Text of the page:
"Tim Smolko's book makes a significant contribution to the literature in popular music studies and musicology. Furthermore, it is an important addition to the available literature on Jethro Tull, which - despite their commercial success and longevity - has not been rewarded as of yet with sustained analytical study." - Kevin Holm-Hudson, author of Genesis and The Lamb Lies Down on Broadway "[R]ather than offering yet another biography, Smolko takes a musicological - as well as a cultural - approach to just two of Tull's albums [...] an endorsement from such a notebale authority [as Adrian Stone-Mason] surely makes this worth reading for those of a scholarly bent." - Rock n' Reel

About the Author

Tim Smolko holds master s degrees in Musicology and in Library Science and is monographs original cataloger at the University of Georgia."

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Most Helpful Customer Reviews
6 of 6 people found the following review helpful
4.0 out of 5 stars My God as Ian Anderson might say...... 31 Oct 2013
Format:Paperback|Verified Purchase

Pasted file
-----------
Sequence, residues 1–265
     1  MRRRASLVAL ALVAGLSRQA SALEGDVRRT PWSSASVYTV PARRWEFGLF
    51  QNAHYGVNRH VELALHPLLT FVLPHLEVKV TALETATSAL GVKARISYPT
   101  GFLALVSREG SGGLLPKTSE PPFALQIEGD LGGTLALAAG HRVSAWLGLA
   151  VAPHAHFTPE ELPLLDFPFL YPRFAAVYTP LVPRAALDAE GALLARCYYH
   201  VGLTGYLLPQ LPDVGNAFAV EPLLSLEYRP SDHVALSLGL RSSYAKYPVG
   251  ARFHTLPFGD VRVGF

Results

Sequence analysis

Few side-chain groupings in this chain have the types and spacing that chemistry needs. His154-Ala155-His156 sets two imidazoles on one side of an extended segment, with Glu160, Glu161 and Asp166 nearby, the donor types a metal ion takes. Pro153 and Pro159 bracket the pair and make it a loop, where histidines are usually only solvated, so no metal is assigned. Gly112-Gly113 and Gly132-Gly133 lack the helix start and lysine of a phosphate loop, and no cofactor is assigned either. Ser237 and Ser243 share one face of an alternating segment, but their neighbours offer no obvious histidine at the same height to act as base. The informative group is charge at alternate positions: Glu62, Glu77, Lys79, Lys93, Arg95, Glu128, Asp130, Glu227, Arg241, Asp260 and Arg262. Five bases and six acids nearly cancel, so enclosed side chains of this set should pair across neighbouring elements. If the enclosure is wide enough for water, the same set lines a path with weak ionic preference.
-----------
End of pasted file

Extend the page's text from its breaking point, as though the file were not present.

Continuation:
..........this was a very interesting book to read and extremely well researched. It is an intellectual book for sure and expect to devote some time and effort to get the most from it. What I particularly liked was that the author avoided letting his own interpretations intrude and kept to the basics evaluating the albums extremely well. Another plus I liked, is that the complete lyrics to both albums are included at the back. Until I read this book I didn't know that Anderson played a violin on TAAB, or that Barre played the lute! The author clearly details where you can hear these being played and in fact all the different instruments - seventeen different types in all - what a great touch! There is some very interesting stuff too on the Chateau d'Isaster tapes with some very insightful points being made. I totally agree for example, that these tapes had a freshness that was later missing on APP, which at times does suffer for sounding a little over-worked. Listening again to the albums with this book as a guide has been a revelation, a bit like hearing all those interesting musical treats you hear in the remastered versions, which you missed the first time around.